In this political season, a review of a classic Canadian political work by our greatest Prime Minister
For anyone interested in Canada’s political history in the second half of the twentieth century, this collection of essays is essential reading. Subtitled “The Trudeau Years”, the book covers the period from 1968 to 1984 when Trudeau was Prime Minister, except for a short hiatus when Progressive Conservative Joe Clark was elected.
The essays present the Liberal party view of national and international relations during the period with a special focus on the persistent and vexatious Quebec question. A number of highly placed Liberals are included: Marc Lalonde writes on energy policy, John Roberts on the environment, and Jean Chretien on Canada’s endless constitutional dance marathon. The lead essay, titled “The Tempest Bursting: Canada in 1992” by Axworthy and Trudeau, reveals profound intelligence at work and is excellent at placing Trudeau within the historical liberal context beginning with the Greeks.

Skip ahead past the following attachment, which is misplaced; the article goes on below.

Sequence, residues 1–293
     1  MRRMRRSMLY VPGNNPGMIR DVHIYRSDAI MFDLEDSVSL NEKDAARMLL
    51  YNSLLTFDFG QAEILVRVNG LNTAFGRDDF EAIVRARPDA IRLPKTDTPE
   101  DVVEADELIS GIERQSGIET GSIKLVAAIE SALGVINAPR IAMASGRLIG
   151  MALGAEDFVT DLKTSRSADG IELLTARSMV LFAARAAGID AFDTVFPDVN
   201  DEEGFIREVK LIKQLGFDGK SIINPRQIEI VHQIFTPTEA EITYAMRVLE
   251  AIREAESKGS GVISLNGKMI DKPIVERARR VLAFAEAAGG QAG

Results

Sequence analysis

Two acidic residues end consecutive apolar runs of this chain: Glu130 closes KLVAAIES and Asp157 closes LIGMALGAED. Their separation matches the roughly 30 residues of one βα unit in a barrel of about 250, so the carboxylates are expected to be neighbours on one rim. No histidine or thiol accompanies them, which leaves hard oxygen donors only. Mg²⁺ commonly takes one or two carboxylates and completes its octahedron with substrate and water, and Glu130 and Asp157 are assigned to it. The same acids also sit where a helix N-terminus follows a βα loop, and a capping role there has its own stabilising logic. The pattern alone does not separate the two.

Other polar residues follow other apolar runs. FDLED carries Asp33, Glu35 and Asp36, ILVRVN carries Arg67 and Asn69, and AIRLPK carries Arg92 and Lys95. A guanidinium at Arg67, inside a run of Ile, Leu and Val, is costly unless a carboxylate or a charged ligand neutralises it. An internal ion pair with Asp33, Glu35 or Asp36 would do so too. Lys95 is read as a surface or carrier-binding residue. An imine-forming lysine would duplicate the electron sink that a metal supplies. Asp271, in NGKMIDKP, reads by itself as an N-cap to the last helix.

Canadian politics is apocalyptic – every major question seems to threaten the actual existence of the country: Quebec nationalism, the growth of provincial power, Western disaffection, U.S. relations. Also, Canada’s locus of power is centralized in the Ontario-Quebec axis, unlike the U.S. where power tends to reside on the two coasts.
Trudeau understood these realities – for him, a ‘just’ society is one that offers “equality of opportunity” to every citizen and all his economic and language policies grew out of this view, including his arguments against Quebec nationalism which are absolutely irrefutable and stand the test of time.